As investors shift away from high-risk crypto assets, the demand value of crypto assets will fall, causing their value to spiral into a downtrend.

Tech stocks in the particular struggle against interest rate hikes and the growing correlation between crypto and equities are not helping the cause of Bitcoin being a hedge against inflation. The backlash of these effects will also be reflected in crypto prices as investors view bitcoin as a “risk on” asset.

In the short term, that might not necessarily be a good thing. When inflation is persistently high, investors look for areas to maintain their cash flow. However, with the volatility of crypto, being afraid of how long recovery will be, the shift in investment outlook to risk-off assets is a more pronounced move to take.

As the market expects inflation to stay above the Fed’s target, the central bank will continue to hike interest rates throughout the year. And where do you find out about the latest interest rates imposed on the economy? You guessed it, the outcome of the FOMC meeting.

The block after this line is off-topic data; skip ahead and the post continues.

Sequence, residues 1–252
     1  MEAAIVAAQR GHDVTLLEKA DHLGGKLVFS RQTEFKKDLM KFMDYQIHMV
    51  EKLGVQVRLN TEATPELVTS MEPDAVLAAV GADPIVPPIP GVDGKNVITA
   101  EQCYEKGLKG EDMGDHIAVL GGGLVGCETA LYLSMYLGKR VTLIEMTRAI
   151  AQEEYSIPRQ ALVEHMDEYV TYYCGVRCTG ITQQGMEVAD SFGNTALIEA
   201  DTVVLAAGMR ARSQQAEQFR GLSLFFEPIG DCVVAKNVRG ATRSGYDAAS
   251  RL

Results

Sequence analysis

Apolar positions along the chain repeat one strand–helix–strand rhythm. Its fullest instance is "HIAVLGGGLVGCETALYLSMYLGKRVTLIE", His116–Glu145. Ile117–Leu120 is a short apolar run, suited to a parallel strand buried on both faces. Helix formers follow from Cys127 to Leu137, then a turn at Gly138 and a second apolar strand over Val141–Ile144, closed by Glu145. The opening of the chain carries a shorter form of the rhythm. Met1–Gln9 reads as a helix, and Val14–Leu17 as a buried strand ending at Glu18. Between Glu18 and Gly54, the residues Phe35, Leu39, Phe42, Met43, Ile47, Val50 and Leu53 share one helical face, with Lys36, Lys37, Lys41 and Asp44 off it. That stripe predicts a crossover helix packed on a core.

History of FOMC and the price of Bitcoin

26-27 Jan 2022

(FOMC minutes summarised and extracted from TheBalance)

“The FOMC maintained its target for the FFR at a range of 0% to 0.25%, which had remained the target goal since the spring of 2020.8 However, due to improving labour market conditions and a high rate of inflation, the FOMC said it expected to be able to raise the federal fund’s target range soon. It continued its quantitative easing program. The Committee decided to reduce the monthly pace of its net asset purchases to end them altogether by early March. The Committee also decided it would increase holdings by $20 billion per month for Treasury securities and $10 billion per month for agency mortgage-backed securities.9.”